RBDs the Key to RMDs

By John Iekel • August 28, 2017 • 0 Comments
There’s more to required minimum distributions (RMDs) than simply making payments. A recent white paper reminds that the responsibility of making RMDs includes fulfilling it on time.

In the recent white paper “Are You Overlooking Required Beginning Dates?” William Grossman notes that Internal Revenue Code Section 401(a)(9) requires every qualified plan to begin RMDs on the required beginning date (RBD). “If you’re a plan administrator, you hold the responsibility of ensuring the first RMD is made in time to fulfill this requirement,” writes Grossman.

“For your protection and your participants, it’s crucial to understand the fine points in the RBD definition regarding both 5%-owner participants and participants who are not 5%-owners,” says Grossman, warning, that not doing so risks misinterpreting the regulations and inadvertently missing RBDs. And the bitter wages of that, he warns, are compliance problems: the plan could be disqualified, and the participant could be subject to a 50% excise tax on the undistributed RMD.

So what is the RBD? For 5% owners and individuals who are not 5% owners or who retire before age 70½, the broad regulatory definition is that it’s April 1 of the year following that in which they reach age 70½; for participants who are not 5%-owners and continue to work beyond the year age 70½, it’s April 1 of the year following the year they retire.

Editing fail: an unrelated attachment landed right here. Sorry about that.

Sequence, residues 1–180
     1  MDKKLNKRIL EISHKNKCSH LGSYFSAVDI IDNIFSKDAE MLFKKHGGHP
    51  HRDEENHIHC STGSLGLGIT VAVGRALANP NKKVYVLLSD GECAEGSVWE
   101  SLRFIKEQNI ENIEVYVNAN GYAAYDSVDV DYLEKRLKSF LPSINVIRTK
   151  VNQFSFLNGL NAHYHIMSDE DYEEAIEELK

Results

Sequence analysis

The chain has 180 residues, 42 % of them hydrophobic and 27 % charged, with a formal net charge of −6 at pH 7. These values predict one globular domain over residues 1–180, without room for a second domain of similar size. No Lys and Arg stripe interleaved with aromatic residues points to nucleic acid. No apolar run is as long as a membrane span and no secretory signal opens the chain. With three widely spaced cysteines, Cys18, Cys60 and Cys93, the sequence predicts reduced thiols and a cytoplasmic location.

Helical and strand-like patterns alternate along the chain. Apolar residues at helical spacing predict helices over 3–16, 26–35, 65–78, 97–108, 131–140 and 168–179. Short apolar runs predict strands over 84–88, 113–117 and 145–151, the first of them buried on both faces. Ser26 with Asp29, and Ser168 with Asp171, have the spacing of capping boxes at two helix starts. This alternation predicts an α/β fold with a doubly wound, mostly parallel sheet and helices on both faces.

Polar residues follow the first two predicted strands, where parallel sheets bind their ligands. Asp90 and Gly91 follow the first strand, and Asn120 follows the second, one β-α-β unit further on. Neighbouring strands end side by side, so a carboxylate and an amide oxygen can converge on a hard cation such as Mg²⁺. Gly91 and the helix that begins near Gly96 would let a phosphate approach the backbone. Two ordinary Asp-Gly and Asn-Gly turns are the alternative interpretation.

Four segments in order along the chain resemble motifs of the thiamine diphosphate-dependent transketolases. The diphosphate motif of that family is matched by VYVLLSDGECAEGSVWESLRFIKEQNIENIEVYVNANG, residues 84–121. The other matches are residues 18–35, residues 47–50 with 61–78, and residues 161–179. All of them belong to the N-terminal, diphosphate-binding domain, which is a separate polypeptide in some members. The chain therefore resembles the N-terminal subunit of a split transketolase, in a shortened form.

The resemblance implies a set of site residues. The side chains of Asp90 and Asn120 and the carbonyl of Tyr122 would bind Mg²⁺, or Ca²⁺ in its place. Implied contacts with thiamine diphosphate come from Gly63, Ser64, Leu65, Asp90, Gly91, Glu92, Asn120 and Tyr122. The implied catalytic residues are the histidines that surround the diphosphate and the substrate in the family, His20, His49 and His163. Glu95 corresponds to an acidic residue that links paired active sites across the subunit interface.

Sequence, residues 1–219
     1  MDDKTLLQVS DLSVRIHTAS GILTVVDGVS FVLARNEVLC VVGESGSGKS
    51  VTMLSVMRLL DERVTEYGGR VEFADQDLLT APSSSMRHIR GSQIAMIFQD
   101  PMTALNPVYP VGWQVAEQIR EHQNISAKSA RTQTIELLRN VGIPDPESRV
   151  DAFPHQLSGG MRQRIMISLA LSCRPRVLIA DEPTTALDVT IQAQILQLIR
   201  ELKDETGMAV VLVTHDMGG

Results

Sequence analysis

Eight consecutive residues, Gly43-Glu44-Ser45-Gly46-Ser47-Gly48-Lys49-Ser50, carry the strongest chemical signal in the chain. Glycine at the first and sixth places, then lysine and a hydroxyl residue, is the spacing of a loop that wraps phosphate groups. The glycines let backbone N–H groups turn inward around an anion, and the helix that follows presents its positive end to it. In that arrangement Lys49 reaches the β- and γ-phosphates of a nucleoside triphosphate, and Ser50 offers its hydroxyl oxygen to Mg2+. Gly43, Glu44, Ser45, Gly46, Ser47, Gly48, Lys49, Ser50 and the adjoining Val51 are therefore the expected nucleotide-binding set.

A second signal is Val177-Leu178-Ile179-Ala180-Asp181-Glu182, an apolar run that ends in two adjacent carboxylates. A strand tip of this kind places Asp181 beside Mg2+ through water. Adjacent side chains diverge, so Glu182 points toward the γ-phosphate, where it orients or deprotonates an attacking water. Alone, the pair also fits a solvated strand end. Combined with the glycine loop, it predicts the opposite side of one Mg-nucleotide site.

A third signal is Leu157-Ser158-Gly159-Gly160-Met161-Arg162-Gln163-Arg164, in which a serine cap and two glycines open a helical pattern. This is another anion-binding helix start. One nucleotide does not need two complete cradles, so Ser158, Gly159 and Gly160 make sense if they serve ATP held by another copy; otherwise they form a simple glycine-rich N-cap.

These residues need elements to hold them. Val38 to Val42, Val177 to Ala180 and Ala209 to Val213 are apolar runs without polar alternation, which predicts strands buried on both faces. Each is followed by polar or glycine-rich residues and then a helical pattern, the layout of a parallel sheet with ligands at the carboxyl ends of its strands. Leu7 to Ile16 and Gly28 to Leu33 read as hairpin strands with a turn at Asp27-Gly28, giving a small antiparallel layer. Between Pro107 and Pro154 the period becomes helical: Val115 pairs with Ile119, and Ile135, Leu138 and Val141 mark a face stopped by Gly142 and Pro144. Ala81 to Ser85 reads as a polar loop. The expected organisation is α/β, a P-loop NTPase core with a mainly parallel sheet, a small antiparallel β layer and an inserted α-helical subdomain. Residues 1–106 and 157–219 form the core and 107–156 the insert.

Grossman says that plans are not required to adopt these broad guidelines verbatim. However, he cautions that a plan should be careful to pay attention to the effect on deadlines of adopting variations on the general guidelines. He also addresses the complications that IRA rollovers can pose with meeting RBD requirements.

“The individual participant’s RBD is an important deadline that needs to be properly administered” in order to stay in compliance, warns Grossman, adding that proper understanding and administration spares the necessity of voluntary correction program filings and sanctions, as well as save a participant from the excise tax on undistributed RMDs.